How Chancellor is using 'reverse Truss’ strategy to return to New Labour boom years (and why it might not work)

Sticking close to Britain’s financial institutions is intended to induce falling interest rates, a rising pound and a surge in company investment, taking the country back to annual growth rates of 2.5 per cent

Change awaits! Let’s hope so because without it things look pretty grim. The key change, in order to fund struggling public services and raise stagnant living standards, is a higher economic growth rate. But such hopes are not particularly well-founded.

The best figure to use for this is gross domestic product per capita, as it removes any impact from higher economic growth simply due to a higher population. In other words, it is a better measure of how living standards are changing for the average citizen.

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Before the financial crisis, GDP per capita growth averaged around 2.5 per cent a year, of which more than half came from productivity gains. From 2010 to 2019 (ie, the start of the Covid pandemic) the growth trend halved, with productivity’s contribution falling to 0.5 per cent. After the Covid bounce-back – since 2022 – growth has been negative and productivity gains have disappeared entirely.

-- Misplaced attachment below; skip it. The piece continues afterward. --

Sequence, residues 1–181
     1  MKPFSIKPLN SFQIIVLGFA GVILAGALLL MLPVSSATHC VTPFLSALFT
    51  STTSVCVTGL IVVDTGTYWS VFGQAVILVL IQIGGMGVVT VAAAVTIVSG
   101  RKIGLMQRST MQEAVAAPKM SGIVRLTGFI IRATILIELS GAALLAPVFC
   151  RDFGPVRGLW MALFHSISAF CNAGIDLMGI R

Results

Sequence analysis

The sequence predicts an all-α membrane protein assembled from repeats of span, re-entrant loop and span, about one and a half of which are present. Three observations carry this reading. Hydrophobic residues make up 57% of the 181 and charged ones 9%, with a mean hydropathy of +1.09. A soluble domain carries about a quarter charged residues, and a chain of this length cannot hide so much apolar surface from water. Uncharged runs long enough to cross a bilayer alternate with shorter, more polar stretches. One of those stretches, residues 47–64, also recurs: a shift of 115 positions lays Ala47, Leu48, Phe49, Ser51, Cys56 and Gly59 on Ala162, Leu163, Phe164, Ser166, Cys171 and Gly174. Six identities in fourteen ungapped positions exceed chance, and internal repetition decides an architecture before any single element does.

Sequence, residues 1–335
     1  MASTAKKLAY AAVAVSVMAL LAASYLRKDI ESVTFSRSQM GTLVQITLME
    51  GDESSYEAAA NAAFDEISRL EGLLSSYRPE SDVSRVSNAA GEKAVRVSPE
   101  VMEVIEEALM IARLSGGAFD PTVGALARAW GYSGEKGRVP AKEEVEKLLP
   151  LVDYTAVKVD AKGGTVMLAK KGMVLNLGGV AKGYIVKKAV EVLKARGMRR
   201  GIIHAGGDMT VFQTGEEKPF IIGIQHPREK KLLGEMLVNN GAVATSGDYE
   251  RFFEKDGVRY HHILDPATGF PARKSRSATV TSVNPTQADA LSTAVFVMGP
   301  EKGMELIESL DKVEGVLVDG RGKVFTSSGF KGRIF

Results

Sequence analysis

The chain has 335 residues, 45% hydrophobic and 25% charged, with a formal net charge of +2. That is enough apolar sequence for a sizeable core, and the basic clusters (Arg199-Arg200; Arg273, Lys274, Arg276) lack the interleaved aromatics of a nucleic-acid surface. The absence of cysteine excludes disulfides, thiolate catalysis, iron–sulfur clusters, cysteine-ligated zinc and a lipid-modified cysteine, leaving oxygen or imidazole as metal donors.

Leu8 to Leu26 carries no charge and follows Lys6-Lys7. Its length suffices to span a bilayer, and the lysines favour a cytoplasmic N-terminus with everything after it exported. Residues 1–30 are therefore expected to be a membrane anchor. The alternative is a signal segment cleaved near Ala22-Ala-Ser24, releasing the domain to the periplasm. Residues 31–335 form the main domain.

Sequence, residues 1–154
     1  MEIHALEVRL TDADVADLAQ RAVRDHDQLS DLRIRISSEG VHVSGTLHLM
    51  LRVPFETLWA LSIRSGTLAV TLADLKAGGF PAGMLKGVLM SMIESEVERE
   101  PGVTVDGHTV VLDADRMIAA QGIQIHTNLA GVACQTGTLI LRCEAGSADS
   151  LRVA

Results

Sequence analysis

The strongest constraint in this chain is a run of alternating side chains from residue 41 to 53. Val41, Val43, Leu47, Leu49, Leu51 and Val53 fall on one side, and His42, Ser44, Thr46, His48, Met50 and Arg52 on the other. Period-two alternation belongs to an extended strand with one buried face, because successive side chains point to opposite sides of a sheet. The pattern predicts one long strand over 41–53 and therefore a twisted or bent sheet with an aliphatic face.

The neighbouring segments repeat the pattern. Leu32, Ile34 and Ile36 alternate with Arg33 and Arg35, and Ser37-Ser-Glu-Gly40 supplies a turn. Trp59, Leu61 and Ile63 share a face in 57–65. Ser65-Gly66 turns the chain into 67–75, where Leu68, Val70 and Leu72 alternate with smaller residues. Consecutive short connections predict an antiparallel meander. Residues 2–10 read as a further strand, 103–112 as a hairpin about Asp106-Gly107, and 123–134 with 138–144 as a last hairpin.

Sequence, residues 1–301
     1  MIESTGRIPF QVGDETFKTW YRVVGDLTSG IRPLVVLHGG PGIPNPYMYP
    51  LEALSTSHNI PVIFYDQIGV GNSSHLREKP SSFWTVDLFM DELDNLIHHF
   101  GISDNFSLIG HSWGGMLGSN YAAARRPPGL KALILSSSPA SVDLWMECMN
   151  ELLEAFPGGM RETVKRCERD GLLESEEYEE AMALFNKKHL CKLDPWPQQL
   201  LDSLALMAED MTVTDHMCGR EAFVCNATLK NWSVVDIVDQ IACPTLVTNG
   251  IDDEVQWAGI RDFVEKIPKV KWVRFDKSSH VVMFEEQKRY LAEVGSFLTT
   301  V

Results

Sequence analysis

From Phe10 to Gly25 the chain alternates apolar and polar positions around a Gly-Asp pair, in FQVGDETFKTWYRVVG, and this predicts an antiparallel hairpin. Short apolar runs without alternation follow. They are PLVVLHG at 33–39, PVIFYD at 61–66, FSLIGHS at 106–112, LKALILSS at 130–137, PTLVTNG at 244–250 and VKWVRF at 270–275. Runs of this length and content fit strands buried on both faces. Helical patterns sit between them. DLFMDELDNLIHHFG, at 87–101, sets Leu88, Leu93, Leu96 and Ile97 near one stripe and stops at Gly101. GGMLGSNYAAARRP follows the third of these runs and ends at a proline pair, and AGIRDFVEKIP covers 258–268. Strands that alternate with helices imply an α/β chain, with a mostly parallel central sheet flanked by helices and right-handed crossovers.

Labour Chancellor Rachel Reeves is taking a very different approach to Liz Truss, pictured on her first day as Conservative leader, (Picture: Carl Court/Getty Images)Labour Chancellor Rachel Reeves is taking a very different approach to Liz Truss, pictured on her first day as Conservative leader, (Picture: Carl Court/Getty Images)
Labour Chancellor Rachel Reeves is taking a very different approach to Liz Truss, pictured on her first day as Conservative leader, (Picture: Carl Court/Getty Images)
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Disaster for public finances

The Office for Budget Responsibility (OBR), in which Chancellor Rachel Reeves places so much faith, currently forecasts both growth and productivity to be positive and recovering faster than most other forecasters, including the Bank of England. What if it doesn’t? Even worse, what if the post-Covid trend continues?